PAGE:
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XXX222 (< 20)

Why the Music Industry is Going to Die

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11

November 20, 2009 – Comments (11)

Gentlemen,

As I sit here typing, a phenomenon you may or may not be aware of is occuring in electronic media. Contrary to what you may of have heard, or what some people have said, this phenomenon is not going to go away, and in fact, will be the defining characteristic of the new era in the technological world.

I am talking about illegal downloading.

In the past 10 or so years, the spread of file sharing programs has rendered the conventional business model for selling music and software programs obsolete. Some of these programs you may of heard of, programs and websites like Bearshare, Ares, Frostwire, Limewire, Bittorrent, Pirate Bay, Isohunt, and others are now the dominant way for the acquistion of both music and software. 

At this point, 95% of music is downloaded online without paying. The CD is dead. Online music stores like iTunes and Rhapsody are hardly hanging on to a sliver of the music market, and everyday others leave for aforementioned programs. The music industry doesn't want you to know this. They have spent a fortune trying to sway public opinion that this trend is only temporary, and that with the proper government regulation and a healthy public awareness campaign, they can end this problem.

OoohHH, how wrong they are.

No one in my high school, and hardly anyone below 25 pays for music anymore. There is actually a huge negative stigma on those that purchase music. You're seen as "paying the man" for something you can and should get for free. The public ad campaign launched by the RIAA is absoulouty laughable. They are never going to be able to stop it.

http://www.youtube.com/watch?v=hUCyvw4w_yk&feature=related

The arguements that the RIAA makes against downloading are laughed down by anyone even mildly familiar with downloading.

 

1. Downloading music will give you viruses.

Response: A decent firewall or anti virus program will keep you clean, and you should only download music that is "at the top of the list". Many viruses, trojans, and malware are planted by RIAA agents to discredit download sources, and this only stirs up anger towards them.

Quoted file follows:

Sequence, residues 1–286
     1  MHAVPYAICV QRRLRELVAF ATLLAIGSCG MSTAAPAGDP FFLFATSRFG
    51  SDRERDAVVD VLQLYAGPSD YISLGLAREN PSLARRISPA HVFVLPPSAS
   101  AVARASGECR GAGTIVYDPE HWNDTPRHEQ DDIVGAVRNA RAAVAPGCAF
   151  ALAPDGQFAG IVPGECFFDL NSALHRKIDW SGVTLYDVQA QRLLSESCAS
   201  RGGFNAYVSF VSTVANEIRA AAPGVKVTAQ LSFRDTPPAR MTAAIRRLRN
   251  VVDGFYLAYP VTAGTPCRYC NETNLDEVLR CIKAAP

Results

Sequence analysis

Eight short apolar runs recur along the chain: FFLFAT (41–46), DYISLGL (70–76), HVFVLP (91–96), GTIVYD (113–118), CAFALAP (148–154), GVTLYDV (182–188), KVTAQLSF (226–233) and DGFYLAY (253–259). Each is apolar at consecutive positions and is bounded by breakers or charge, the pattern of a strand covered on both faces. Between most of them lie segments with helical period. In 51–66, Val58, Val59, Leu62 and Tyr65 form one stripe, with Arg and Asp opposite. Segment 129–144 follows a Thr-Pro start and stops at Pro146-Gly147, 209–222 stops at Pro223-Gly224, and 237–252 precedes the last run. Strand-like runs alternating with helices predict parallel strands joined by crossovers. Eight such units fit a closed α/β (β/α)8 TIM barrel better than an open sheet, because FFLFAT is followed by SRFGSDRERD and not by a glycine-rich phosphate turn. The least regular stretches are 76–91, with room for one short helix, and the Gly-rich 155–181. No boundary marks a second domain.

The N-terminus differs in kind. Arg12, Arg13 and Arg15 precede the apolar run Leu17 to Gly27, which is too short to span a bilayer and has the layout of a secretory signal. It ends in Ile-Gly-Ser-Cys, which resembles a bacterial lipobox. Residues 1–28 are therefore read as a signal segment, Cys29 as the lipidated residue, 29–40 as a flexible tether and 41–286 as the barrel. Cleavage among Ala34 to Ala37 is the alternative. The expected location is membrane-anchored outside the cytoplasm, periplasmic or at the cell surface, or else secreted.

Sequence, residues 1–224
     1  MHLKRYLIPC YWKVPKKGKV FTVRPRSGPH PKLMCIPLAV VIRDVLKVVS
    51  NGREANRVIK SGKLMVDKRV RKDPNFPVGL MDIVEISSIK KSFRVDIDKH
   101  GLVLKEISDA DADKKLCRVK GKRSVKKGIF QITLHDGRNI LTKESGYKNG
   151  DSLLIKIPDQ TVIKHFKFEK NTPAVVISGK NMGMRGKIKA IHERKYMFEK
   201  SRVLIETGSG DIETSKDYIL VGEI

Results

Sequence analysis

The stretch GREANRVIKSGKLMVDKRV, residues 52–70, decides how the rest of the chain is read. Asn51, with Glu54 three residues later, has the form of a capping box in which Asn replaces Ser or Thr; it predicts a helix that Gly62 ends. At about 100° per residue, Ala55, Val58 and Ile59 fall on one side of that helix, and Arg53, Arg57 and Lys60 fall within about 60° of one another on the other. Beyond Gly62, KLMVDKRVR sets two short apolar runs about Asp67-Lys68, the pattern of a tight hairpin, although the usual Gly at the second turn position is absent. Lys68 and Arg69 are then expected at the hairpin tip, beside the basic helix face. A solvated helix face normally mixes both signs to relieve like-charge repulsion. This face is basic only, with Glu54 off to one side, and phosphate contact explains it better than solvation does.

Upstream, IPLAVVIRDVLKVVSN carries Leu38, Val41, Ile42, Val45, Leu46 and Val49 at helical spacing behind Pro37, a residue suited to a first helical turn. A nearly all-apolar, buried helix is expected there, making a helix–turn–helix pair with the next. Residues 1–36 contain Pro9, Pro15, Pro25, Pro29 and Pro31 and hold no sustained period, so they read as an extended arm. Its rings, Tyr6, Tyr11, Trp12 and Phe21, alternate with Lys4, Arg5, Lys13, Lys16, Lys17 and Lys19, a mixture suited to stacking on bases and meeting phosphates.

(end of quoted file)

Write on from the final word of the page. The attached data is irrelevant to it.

2. Downloading hurts artists.

Response: Large artists with high volume songs are hurt the most, but music downloading helps smaller bands by increasing their exposure. It's hard for people to feel guilty about this when they know only a few cents on every download goes to the artist.

 

3. It's stealing and uncool to download.

Response: With a product that can by duplicated for no cost, it's no wonder that people will take it for free. Coolness is and always will be fighting against the man, and thumbing your nose at big companies is something every kid loves to do.

 

The music industry is petrified about the future, with good reason to be. The future of music is going to be bands realeasing their music for free, and making their money on merchandise and touring. In other words, the middle man is cut out and the large music companies are left cold.

The newest trend is downloading software from the internet. This is an emerging problem that has the potential to hurt companies like EA and Blizzard. 

For anyone with holdings in companies that rely on conventional methods to produce and distribute software, music, and movies, please be aware that the future is going to be very perilous for your investment. Regardless of wheather it is right or wrong, a whole generation is growing up used to not paying for electronic media. The older customers are dieing out, and they will take the old music industry with them.

11 Comments – Post Your Own

#1) On November 21, 2009 at 12:40 AM, Synesthetic (< 20) wrote:

I was on Rhapsody a few days ago and I wanted to listen to Achilles Last Stand by Led Zeppelin.  The song is on their album Presence. 

Now Rhapsody is great because they give you access to thousands (millions?) of songs for a low monthly fee of $15 or so.  But, as I'm sure you know, not all of the songs are free.  You have to pay for some of them.  Well, okay.  I didn't mind paying $0.99 to download the song. 

But when I went to the page for Presence, it was the one song that I COULD NOT buy!  Instead, I would have to buy the whole album to get access to the song.  So I thought a little more, and it hit me... YouTube!  Sure enough, there it was on YouTube.